Hurricane Irma’s storm path: What you should know

As Hurricane Irma barrels toward the northeast Caribbean, it has strengthened into a Category 5 storm.

The U.S. National Hurricane Center has warned of a growing possibility the hurricane could impact Florida later this week – as Texas and Louisiana are still dealing with the devastating aftermath caused by Hurricane Harvey earlier this month.

“Everyone in hurricane-prone areas should ensure that they have their hurricane plan in place,” officials said.

Here’s what you should know about Hurricane Irma and its trajectory.

Where is Hurricane Irma today?

As of Tuesday morning, Hurricane Irma is about 270 miles east of the Caribbean island of Antigua, according to an advisory.

It has maximum sustained winds of about 180 mph and was classified as a Category 5 – the highest rating for hurricanes – on Tuesday morning.

When is it expected to make landfall?

Hurricane Irma is expected to slam through the Leeward Islands in the West Indies, and tropical storm winds could begin to arrive in the area today, according to the National Hurricane Center.

Irma is also expected to impact the British and U.S. Virgin Islands and Puerto Rico on Wednesday, according to forecasters.

Additionally, Turks and Caicos, the Bahamas, Cuba, Dominican Republic and Haiti are also in the projected path of Hurricane Irma, the National Hurricane Center said.

The Florida Peninsula and the Florida Keys could be impacted by the storm later this week and weekend, but otherwise it’s too early to tell how Irma could impact the continental U.S., according to the National Hurricane Center.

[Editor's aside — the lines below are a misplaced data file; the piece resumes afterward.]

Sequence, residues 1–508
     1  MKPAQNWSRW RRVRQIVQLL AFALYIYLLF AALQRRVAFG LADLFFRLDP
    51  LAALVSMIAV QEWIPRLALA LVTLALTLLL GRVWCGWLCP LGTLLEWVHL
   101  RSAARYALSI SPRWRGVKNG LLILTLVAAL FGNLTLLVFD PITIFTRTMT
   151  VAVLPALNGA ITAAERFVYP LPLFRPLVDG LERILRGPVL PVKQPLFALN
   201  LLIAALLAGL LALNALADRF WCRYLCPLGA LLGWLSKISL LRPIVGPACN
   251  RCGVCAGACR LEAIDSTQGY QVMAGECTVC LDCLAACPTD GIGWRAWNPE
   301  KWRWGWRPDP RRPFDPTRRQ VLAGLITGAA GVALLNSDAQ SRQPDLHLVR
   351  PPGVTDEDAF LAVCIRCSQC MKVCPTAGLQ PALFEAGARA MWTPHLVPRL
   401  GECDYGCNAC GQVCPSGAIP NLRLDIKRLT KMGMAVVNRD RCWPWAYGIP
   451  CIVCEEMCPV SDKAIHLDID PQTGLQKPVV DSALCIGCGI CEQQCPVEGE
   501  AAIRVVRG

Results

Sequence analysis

A hurricane warning is currently in effect for more than a dozen island nations, including the U.S. and British Virgin Islands, Puerto Rico, Antigua and Saint Martin.

The Dominican Republic has issued a hurricane watch for parts of the country.

What else should I know about the storm?

Hurricane Irma is classified as a Category 5 storm – meaning it is extremely dangerous. It brings with it life-threatening winds, storm surges and rainfall, according to the National Hurricane Center.

Authorities warned that the storm could dump up to 10 inches of rain, cause landslides and flash floods and generate waves of up to 23 feet. Government officials began evacuations and urged people to finalize all preparations as shelves emptied out across islands including Puerto Rico.


“The decisions that we make in the next couple of hours can make the difference between life and death,” Puerto Rico Gov. Ricardo Rossello said. “This is an extremely dangerous storm.”

Residents on the U.S. East Coast were urged to monitor the storm’s progress in case it should turn northward toward Florida, Georgia or the Carolinas.

“It also has the potential to significantly strain FEMA and other governmental resources occurring so quickly on the heels of (Hurricane) Harvey.”

– Evan Myers, chief operating officer of AccuWeather

“This hurricane has the potential to be a major event for the East Coast. It also has the potential to significantly strain FEMA and other governmental resources occurring so quickly on the heels of (Hurricane) Harvey,” Evan Myers, chief operating officer of AccuWeather, said in a statement.

And while its impact on the continental U.S. isn’t fully known yet, Florida Gov. Rick Scott already declared a state of emergency Monday in order to ensure “local governments have ample time, resources and flexibility to get prepared for this dangerous storm.”